This effectively summarizes our primary ethnographic data onSalvia divinorum,and Epling and Jtivas terse one-and-a-half-page paper, and Wassons concise seven-page paper certainly provided little detail. It is thus surprising to note the relatively strong impact the leaves of the Shepherdess began to have on the literature. No fewer than five different color paintings ofSalvia divinorumhave been published (Emboden 1972; Foster1984; Schultes 1976; Schultes & Hofmann1979; Schultes & Smith 1980), along with two different botanical illustrations (Mayer1977; Schultes 1967; Schultes & Hofmann1973), two black-and-white photographs of the whole plant (Daz 1975; Wasson 1963), and color and black-and-white photographs showing the use of ametateto prepare infusions ofSalvialeaves (Riedlinger 1990; Wasson 1963)! Three of these paintings(Emboden 1972; Schultes 1976; Schultes &Smith 1980), one by Frances Runyan, two by Harvard botanical artist Elmer W. Smith, unfortunately misrepresented the corollas ofSalvia divinorumas being purple, not white (in the botanical description Epling and Jtivahad misdescribed the calyx color as cyaneorum; in the 1979 revised edition of Emboden 1972; the erroneous painting was replaced with a color photograph of the flowering plant, and Emboden amended the botanical description of the flowers). Fortunately this evident scientific interest led to renewed and more detailed studies of the mysterious entheogen. The Mexican psychiatrist Jos Luis Daz began to studySalvia divinorumin the Sierra Mazateca in summer 1973, and in his preliminary paper he described the use of doses of 25 to 50 pairs of leaves, prepared by a manual technique similar to that previously describedby Weitlaner (Daz 1975):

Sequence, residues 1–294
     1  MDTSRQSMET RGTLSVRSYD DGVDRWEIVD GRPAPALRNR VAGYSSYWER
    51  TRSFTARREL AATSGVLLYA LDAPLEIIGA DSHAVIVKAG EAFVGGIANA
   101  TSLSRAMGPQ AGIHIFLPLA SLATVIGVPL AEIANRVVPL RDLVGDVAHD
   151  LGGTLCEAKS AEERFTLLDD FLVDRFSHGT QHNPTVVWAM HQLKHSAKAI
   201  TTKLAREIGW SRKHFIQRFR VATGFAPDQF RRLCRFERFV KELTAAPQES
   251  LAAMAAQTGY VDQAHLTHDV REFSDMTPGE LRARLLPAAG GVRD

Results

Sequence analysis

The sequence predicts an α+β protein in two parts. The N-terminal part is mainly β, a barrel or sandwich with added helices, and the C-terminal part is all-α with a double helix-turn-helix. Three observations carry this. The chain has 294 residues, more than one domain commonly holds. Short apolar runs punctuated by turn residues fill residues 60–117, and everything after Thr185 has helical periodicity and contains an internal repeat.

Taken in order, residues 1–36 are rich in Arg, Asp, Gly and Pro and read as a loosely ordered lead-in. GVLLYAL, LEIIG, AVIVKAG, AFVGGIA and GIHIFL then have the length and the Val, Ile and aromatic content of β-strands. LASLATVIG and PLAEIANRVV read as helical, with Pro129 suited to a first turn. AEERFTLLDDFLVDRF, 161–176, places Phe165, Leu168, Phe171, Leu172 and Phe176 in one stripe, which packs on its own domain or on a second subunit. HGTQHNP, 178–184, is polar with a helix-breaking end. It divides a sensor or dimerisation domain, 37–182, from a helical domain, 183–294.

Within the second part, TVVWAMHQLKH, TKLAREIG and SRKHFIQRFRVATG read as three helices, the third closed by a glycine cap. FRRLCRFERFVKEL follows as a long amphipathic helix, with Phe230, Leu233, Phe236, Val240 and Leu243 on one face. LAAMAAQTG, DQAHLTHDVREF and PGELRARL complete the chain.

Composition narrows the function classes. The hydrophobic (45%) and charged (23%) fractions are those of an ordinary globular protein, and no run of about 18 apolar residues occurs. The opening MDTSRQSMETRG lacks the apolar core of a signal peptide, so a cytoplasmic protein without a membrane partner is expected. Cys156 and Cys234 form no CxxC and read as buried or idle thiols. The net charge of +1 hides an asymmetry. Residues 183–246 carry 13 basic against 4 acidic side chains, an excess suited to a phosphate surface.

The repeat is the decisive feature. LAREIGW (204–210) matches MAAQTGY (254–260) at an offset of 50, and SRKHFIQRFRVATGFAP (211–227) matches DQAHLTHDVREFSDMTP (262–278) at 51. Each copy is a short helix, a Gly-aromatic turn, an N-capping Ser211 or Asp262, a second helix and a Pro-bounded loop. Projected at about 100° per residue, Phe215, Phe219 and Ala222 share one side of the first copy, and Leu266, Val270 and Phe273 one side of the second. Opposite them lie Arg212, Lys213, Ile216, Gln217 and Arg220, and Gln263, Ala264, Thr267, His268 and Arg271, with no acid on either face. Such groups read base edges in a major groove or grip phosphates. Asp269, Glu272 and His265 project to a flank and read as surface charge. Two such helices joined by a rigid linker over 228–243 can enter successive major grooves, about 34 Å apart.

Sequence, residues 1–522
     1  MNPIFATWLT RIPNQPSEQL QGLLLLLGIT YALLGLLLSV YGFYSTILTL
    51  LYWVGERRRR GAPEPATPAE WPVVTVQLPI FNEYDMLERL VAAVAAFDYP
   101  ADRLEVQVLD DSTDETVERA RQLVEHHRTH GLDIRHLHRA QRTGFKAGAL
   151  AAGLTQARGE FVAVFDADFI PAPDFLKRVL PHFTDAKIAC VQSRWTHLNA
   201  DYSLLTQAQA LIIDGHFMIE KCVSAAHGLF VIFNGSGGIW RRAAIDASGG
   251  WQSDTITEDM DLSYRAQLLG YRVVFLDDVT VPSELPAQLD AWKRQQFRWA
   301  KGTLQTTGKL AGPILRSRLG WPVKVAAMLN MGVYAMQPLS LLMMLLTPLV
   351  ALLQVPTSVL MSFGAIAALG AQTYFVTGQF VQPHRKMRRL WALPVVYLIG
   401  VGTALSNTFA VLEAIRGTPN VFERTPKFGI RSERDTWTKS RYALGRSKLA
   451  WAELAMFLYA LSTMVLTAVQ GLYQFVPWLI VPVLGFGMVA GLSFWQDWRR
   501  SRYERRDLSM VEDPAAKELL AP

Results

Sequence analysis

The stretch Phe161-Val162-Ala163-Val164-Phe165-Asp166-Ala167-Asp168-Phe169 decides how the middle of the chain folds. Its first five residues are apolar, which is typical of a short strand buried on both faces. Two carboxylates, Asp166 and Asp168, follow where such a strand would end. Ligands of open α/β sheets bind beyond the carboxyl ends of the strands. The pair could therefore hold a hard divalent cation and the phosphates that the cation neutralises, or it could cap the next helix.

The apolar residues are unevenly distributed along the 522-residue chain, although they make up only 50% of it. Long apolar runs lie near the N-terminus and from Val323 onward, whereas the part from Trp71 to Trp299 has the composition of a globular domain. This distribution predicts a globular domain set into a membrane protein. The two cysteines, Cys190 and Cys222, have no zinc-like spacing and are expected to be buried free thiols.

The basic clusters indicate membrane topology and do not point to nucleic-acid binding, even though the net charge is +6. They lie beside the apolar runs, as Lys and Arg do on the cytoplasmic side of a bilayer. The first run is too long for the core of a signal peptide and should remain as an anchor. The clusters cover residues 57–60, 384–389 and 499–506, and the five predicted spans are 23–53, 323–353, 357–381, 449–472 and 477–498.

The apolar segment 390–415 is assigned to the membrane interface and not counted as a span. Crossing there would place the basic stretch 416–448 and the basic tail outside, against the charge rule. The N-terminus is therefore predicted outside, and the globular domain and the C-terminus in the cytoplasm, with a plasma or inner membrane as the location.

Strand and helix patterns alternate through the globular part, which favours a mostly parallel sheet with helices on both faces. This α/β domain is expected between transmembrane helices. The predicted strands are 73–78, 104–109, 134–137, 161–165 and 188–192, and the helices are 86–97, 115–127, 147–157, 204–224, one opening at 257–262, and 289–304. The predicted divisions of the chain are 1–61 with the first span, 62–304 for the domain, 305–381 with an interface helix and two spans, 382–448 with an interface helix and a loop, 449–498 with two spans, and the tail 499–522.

Wasson described two methods of ingestion ofSalvia divinorumleaves: either by making a stack of leaves in pairs face-to-face, which are then simply eaten (It is customary for the Indians to consume the leaves by nibbling at the dose with their incisor teeth.); or in the form of their juice, or rather a sort of aqueous suspension of the leaves in cold water. This latter was precisely the method documented by Weitlaner. Thus was prepared Wassons first dose of the leaves in Ayautla:
Supposedly the leaves could be kept fresh for up to a week by wrapping them in leaves ofXanthosoma robustumSchoff, but the infusion would only last for a day. Whereas the leaf residue was usually left in a remote place, it was sometimes applied as a poultice to the head of a patient, again harking back to Vetancurts 17th centurydescription ofpipiltzintzintli(Garza 1990). Daz described the commencement of subtle visions 15 minutes after ingesting the infusion of 50 pairs of leaves on 18 August (his seventh experience), which became more intense over the next 15 minutes. Valds also described visions, and a sensation of flying, 45 minutes after ingesting his infusion of 20 pairs of leaves. Both Daz and Valds described visions during the first hour of the session of 6 March, which was cut short at the 50-minute point, owing to distracting noises. Even 2.5 hours after ingestion, having returned to his hotel and extinguished the light, Valds experienced more visions, and the sensation of the perceived reality of: